I’m Gonna Fuck You, Man!

They’re nose to nose, H and bouncer, a very intimate relationship, when H growls, “You want me to fuck you?” Security guy blinks, says nothing, looks at our friends in confusion.

This is the story of how, after all we’ve been through together, Medjool 86’d me. :(

We went there in the same mood we always do- jubilant, high-spirited, energetic, and ready to dance. The others had preloaded. Ibrahim, after not having had alcohol for several months as a nod to his observant-Muslim homies, decided to celebrate the end of Ramadan by breaking his sober streak in a big way. He drank almost a fifth of vodka immediately after the bottle arrived in the apartment, brought by my boyfriend, H. We quickly confiscated the bottle so the remainder could be put in a drink for H. As H poured his own drink, Ibrahim began dancing around the apartment, singing made-up songs. H and I eyed each other. It was only 8 o’clock and the others hadn’t even arrived yet.

H sipped his mixed drink slowly and rolled several spliffs at a leisurely pace. We planned to bring these out with us and smoke them at intervals throughout the night. There would be no smoking at home because, we concluded, that would just make us sleepy. When we smoke before we go out, we never end up going out.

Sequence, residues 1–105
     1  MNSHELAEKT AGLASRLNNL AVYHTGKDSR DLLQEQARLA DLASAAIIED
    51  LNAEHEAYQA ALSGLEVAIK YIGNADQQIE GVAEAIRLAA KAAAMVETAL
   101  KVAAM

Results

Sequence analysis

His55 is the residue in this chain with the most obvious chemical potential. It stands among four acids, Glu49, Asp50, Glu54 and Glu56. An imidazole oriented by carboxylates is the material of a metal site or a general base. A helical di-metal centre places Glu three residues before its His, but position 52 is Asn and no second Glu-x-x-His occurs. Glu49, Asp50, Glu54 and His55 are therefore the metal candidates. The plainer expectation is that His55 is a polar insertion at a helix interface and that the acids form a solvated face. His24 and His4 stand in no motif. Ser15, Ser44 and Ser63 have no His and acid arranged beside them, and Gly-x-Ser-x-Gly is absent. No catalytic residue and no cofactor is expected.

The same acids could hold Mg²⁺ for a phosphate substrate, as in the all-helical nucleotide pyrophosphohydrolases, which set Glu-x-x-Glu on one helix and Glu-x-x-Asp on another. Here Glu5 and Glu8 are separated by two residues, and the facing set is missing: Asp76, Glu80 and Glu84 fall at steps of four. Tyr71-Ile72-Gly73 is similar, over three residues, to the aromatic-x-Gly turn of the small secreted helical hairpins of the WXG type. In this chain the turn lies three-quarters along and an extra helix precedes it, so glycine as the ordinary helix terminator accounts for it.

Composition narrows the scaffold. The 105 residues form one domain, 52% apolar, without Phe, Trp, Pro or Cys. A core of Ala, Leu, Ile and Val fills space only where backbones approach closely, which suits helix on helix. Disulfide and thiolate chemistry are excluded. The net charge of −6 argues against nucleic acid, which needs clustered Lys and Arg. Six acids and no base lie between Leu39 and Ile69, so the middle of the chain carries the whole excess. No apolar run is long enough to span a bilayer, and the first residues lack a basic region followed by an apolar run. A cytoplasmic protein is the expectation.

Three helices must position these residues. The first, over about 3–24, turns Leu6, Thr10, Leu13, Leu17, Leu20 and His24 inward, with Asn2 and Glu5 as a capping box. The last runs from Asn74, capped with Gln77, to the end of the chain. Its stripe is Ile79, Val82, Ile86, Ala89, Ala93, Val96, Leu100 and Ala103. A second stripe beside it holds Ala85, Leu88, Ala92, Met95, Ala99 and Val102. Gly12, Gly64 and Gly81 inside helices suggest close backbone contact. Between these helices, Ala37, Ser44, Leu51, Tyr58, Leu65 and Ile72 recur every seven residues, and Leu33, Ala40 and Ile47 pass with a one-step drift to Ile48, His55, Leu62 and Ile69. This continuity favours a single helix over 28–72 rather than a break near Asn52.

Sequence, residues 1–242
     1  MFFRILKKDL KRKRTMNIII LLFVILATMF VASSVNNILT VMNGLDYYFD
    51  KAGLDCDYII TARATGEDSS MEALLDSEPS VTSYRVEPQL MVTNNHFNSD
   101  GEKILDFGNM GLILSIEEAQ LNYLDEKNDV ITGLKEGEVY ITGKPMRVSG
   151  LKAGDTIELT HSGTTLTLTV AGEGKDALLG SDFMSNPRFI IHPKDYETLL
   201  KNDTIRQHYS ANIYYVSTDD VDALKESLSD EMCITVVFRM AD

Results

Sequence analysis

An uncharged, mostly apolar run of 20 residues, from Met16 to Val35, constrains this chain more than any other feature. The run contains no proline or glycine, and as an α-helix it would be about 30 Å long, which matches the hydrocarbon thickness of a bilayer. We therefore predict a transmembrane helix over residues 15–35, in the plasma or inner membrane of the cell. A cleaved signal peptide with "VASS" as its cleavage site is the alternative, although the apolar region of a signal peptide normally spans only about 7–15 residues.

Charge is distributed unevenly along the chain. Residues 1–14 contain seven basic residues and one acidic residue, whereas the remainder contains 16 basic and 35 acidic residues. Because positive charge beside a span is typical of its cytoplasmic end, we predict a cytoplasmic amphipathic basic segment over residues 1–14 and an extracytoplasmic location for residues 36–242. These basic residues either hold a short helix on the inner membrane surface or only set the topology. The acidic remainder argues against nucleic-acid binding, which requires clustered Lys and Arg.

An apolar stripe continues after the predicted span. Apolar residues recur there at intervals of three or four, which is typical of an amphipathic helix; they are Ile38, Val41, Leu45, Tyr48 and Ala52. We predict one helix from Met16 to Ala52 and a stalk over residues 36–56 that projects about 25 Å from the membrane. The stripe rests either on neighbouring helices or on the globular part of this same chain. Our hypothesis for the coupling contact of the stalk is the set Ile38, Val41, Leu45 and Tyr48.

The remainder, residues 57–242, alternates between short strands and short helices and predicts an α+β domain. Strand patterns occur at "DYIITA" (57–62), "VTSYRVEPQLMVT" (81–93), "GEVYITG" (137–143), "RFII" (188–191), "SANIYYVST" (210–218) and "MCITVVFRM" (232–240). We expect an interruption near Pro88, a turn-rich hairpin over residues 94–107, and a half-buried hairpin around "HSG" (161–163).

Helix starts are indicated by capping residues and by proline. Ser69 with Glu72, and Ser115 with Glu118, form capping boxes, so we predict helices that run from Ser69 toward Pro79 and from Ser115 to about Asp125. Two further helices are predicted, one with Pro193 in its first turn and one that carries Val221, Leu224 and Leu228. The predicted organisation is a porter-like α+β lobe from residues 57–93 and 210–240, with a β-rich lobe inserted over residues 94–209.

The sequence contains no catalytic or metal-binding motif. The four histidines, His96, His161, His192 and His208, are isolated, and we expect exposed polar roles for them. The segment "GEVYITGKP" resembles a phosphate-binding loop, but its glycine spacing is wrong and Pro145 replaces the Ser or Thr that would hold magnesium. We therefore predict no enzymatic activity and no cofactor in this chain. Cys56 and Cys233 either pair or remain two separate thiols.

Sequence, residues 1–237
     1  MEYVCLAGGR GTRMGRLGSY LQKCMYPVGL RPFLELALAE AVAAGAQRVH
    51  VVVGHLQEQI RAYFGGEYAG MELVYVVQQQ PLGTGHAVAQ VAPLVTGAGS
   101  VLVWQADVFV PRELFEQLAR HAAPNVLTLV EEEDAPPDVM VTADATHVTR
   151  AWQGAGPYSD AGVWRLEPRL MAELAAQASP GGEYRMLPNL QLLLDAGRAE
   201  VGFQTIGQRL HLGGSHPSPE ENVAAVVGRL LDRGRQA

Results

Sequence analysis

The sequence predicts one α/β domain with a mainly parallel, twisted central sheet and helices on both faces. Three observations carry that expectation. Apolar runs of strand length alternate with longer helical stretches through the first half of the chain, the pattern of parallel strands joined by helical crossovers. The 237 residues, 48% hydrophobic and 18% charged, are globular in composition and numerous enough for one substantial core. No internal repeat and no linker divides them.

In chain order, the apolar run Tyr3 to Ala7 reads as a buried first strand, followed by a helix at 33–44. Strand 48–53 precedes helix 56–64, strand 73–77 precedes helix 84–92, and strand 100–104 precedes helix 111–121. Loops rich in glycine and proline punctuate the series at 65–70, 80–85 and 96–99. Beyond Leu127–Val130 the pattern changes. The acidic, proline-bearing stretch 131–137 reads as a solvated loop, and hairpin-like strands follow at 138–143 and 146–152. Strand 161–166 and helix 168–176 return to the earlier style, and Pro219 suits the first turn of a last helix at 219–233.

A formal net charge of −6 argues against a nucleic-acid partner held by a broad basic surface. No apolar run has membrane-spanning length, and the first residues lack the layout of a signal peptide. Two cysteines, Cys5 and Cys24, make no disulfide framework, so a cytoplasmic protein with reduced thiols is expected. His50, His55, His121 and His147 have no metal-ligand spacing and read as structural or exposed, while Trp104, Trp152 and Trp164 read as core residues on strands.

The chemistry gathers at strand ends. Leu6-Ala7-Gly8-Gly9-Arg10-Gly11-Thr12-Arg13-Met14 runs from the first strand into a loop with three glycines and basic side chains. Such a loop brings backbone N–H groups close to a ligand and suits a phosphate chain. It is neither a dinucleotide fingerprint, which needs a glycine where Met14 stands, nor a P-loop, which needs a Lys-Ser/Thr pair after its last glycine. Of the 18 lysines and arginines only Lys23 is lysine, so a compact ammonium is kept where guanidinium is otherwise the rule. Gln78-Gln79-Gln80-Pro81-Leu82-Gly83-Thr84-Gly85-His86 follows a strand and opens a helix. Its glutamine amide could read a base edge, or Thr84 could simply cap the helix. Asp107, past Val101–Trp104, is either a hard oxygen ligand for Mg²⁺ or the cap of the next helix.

Ayman, Shaddi, Khalil, and Francisco arrived, and after greetings, we decided to go.

We hadn’t been to Medjool in maybe six months. A couple members of our regular crew had gotten married, others were traveling abroad, and it just wasn’t the same. But with the core group back in town and ready to party, we decided our old haunt was just the place to go.

Continue reading “I’m Gonna Fuck You, Man!”

I’m Down Here, Muthafucka

It’s 10:22 am on Easter Sunday and me and my roommates begin to hear someone yelling outside, “I’m down here!” He then mutters repeatedly, “Where are you, muthafucka?” We peek outside and ascertain that Mr. Black Man with Unrealistically White Shoes has spotted the shoes hanging from the power lines outside our apartment. Or rather, the power lines outside the apartment of the crack dealer who lives across the street. He clearly needs a fix but doesn’t know which apartment the shoes are signaling. So he does the best he can by announcing his presence and hoping for the best.